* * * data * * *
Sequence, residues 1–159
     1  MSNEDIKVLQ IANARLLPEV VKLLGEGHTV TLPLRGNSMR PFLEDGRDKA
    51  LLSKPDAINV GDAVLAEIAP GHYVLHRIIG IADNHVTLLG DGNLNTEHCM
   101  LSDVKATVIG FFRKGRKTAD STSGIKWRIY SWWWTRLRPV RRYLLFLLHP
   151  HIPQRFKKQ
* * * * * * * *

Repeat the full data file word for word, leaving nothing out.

Sequence, residues 1–159
     1  MSNEDIKVLQ IANARLLPEV VKLLGEGHTV TLPLRGNSMR PFLEDGRDKA
    51  LLSKPDAINV GDAVLAEIAP GHYVLHRIIG IADNHVTLLG DGNLNTEHCM
   101  LSDVKATVIG FFRKGRKTAD STSGIKWRIY SWWWTRLRPV RRYLLFLLHP
   151  HIPQRFKKQ